Zero-emission coaches and hydrogen fuel-cell propulsion were among the technological talking points at Europe’s biggest bus and coach exhibition, which returned for the first time since the Covid pandemic. ALAN MILLAR was there to see what may come to the UK and Ireland in the next few years.

Busworld Europe — held on October 7 to 12 at the Brussels Expo next door to Heysel football stadium and the 65-yearold Atomium visitor attraction — is the manufacturing industry’s shop window for international business, a place to unveil the latest models and future ideas.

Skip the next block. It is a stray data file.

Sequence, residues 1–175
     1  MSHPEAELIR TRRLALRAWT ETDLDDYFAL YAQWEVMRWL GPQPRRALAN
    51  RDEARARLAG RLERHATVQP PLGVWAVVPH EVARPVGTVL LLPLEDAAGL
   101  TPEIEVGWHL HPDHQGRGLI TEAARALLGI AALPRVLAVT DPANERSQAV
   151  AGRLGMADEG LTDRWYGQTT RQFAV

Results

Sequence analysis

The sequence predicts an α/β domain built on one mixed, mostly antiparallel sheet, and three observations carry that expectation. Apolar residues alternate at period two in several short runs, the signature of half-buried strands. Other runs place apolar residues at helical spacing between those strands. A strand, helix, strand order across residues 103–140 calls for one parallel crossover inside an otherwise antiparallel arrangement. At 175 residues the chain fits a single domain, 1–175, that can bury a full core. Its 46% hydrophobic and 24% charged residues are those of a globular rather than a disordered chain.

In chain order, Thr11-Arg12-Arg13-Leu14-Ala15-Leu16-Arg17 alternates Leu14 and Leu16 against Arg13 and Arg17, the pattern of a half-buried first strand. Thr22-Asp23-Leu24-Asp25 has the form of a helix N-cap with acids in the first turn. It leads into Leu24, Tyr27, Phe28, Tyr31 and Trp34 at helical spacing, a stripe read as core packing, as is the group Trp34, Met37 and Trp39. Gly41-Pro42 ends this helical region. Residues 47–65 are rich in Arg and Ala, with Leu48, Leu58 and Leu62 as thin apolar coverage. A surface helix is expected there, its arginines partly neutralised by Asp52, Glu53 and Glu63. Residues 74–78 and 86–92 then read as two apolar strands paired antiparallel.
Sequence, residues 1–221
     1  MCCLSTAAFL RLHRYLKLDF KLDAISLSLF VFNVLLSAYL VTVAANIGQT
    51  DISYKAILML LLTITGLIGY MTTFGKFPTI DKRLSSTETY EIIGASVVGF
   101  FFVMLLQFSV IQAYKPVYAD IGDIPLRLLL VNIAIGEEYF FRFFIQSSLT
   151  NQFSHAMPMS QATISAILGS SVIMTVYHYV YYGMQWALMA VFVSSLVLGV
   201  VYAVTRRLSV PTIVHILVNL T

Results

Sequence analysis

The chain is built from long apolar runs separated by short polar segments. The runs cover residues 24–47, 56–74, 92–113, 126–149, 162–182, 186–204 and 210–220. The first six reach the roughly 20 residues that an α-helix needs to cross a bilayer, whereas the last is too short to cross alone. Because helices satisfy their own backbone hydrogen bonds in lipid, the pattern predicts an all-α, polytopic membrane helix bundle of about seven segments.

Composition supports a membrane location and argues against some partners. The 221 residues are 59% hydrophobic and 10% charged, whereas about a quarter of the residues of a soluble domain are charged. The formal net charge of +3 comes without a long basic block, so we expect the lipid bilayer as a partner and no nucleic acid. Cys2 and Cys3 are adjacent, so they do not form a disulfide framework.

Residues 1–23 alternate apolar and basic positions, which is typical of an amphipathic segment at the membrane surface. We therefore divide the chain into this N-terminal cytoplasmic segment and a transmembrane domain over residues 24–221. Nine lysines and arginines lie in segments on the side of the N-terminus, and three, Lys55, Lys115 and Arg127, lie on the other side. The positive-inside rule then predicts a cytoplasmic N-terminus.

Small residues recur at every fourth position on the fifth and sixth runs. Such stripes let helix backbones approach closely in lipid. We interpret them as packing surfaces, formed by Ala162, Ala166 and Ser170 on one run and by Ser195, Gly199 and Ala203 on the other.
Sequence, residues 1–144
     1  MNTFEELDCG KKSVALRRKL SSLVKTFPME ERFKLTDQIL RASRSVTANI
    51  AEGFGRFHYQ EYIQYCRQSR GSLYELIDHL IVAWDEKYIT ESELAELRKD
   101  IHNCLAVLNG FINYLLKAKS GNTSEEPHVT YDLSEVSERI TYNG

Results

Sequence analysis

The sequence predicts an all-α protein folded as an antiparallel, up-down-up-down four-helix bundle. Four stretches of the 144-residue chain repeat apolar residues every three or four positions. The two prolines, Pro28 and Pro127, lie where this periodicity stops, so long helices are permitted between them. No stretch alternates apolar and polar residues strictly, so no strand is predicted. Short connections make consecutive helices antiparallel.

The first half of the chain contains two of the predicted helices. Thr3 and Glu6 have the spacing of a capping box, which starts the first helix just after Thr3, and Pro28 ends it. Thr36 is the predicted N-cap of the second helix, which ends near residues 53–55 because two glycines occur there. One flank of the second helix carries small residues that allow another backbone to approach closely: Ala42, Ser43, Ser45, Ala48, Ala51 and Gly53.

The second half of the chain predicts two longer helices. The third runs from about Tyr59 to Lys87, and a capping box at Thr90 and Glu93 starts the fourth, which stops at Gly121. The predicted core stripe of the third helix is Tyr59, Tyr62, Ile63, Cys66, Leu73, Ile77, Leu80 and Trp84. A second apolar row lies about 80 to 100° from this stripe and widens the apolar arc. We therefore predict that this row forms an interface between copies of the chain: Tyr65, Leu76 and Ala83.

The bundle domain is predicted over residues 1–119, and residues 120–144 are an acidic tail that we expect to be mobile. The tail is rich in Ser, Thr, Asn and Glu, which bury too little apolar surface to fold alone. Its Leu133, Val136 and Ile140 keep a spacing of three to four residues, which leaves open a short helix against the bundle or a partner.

And for a first glimpse of what may come to Britain and Ireland in the next couple of years.

This was the 26th biennial show. It was meant to have been the 27th, but the pandemic put the kibosh on the organisers’ intention of staging it in 2021, making this one a reunion for those exhibitors and visitors who last met in 2019.

It was worth the wait, with 75 vehicle manufacturers among 526 exhibitors from 38 countries, of whom 182 were new to the event. The 75 bus and coach builders showed 222 vehicles inside the seven halls — ranging from driverless pods to bi-articulated bendybuses and tri-axle double-deck coaches — and placed a further 29 outside for demonstration.

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